Speech by the President of the Republic of Finland


My six-year term as President is drawing to a close. Especially in recent times I have noticed that in those years Finland has changed probably even more than I originally expected to happen. Internationalisation has been one of the strongest forces driving this change, not only in the economy, but also in the whole of society as well as in our attitudes. No longer do we look upon ourselves as a small remote country in the way we used to; instead, we see ourselves as an active participant in interaction between peoples and part of a pattern of interdependence.

Internationalisation has likewise left a very strong imprint on Finland’s official foreign policy. Membership of the European Union and the single currency the euro are among the most visible milestones in this process. Finland is an increasingly integral part of the European economic region and at the same time part of the global economy.

However, internationalisation is both a very complex matter and a difficult one. It has many faces. To business executives, for example, it can mean new and interesting opportunities, but seen from the perspective of ordinary people it can be surrounded by a lot of uncertainty about the future and bring a great deal of worry about their jobs and livelihoods. If internationalisation appears to be a threat, this naturally prompts rejection; people feel they have to defend themselves against it, halt its onward march. We have seen examples of this kind hinking in recent times.

At the same time as these views can be considered understandable, we ought to ask whether rejection and self-imposed isolation are the right answer to the development-related ailments afflicting today’s world of information technology and an open economy. One way to examine the question is in the light of Finland’s experience. The economic history of this country since the second world war can be described as a policy of opening up. As a small economy that originally depended on raw materials Finland has had to change over to basing her success on the highest-possible level of free exchange. The first step was to promote free trade, after which we proceeded towards deeper economic integration on the regional, European and global levels.

To a small, remote economy like Finland, an open trade system offering an even playing field for competition represents an advantage and an opportunity. A prerequisite for our being able to gain from this is, however, that we master two things: on the one hand we must understand and be able to manage the dangers of negative development that globalisation brings in its train, and on the other we must be able to avail ourselves of the opportunities it offers.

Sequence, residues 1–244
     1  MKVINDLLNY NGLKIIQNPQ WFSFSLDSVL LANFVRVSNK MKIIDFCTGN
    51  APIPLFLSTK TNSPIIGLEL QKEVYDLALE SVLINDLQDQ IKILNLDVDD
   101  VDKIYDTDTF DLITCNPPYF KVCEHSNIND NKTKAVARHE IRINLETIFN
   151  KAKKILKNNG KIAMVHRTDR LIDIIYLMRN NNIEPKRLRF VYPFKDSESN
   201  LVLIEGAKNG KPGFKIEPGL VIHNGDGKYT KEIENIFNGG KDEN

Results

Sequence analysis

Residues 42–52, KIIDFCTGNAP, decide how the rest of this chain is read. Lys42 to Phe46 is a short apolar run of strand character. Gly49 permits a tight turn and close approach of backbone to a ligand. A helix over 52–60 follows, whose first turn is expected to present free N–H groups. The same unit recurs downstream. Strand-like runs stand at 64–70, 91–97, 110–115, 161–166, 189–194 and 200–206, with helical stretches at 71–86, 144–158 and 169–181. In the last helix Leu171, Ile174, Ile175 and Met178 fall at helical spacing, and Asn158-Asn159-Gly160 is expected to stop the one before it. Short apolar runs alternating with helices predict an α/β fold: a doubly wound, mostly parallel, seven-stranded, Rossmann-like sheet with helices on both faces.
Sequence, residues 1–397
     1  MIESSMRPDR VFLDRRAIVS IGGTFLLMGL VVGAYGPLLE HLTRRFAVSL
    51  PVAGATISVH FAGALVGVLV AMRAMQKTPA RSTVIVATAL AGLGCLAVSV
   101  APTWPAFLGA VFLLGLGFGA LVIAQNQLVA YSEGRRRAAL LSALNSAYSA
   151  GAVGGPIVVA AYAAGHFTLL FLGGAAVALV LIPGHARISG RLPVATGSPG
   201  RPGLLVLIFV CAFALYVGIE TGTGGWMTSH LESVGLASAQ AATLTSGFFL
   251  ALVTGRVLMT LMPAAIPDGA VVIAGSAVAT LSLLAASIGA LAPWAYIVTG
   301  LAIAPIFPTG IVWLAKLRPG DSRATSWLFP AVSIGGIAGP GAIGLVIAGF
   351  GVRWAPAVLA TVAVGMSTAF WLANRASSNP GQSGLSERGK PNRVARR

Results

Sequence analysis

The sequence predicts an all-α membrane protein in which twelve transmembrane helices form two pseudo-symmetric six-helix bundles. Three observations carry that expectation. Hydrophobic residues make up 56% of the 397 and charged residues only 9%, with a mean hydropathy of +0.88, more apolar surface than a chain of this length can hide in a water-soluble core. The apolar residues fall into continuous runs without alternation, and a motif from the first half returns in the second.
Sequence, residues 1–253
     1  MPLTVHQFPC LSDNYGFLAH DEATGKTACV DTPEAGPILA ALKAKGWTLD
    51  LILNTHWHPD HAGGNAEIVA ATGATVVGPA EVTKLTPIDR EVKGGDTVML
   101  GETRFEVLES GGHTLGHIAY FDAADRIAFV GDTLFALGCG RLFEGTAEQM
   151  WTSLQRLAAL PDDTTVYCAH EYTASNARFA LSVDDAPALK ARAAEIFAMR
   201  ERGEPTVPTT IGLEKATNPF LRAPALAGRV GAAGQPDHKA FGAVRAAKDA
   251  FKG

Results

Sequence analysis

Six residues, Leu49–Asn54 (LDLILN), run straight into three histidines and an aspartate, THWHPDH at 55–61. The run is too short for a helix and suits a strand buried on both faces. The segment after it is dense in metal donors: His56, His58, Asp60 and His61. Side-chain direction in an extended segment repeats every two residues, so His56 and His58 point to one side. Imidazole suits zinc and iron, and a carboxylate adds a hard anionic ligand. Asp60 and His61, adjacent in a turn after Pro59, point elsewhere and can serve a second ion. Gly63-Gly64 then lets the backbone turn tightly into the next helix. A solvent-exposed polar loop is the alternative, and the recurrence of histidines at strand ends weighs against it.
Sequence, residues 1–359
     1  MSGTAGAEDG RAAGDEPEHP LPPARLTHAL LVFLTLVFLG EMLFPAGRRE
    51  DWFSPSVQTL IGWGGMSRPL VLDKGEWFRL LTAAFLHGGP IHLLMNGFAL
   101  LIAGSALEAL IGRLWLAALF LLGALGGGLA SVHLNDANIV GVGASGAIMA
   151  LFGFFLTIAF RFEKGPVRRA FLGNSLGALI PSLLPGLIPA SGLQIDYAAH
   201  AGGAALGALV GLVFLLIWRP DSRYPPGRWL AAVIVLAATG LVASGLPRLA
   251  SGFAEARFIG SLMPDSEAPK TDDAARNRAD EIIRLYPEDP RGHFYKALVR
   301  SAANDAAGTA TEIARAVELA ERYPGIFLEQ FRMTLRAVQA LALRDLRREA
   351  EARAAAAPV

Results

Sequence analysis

I believe we have every prospect of coping with the challenge of globalisation and emerging as victors. That is because one of the main trends that it incorporates is the growing importance of ability and knowledge as central success factors in society and enterprise. This fact puts the keys to success in the hand of a well-educated and capable people like us Finns: the only question is whether we are able to open the right locks with those keys.

I was mulling thoughts like this over in my mind a year ago when I opened a discourse as to whether the more than three-decades-old name of the President’s Export Awards and the grounds on which their recipients are chosen should be changed. I felt they should more accurately reflect the challenges of an altered operating environment and the prerequisites that must be satisfied if success is to be ours. When I look at today’s winners and the merits on which they are receiving their respective awards, it is obvious that the goals the revised selection criteria were intended to achieve have been admirably fulfilled.

The first President’s Internationalisation Awards go today to companies and bodies which, through their own active efforts, have made an exemplary contribution to developing a modern and international Finland, a place that we find a good place to live. The winners are more than just exporters; each has its own distinctive way of working internationally. Yet all of them have deep roots in Finnish ability and society.

I wish all of the award-winners continuing good fortune and success.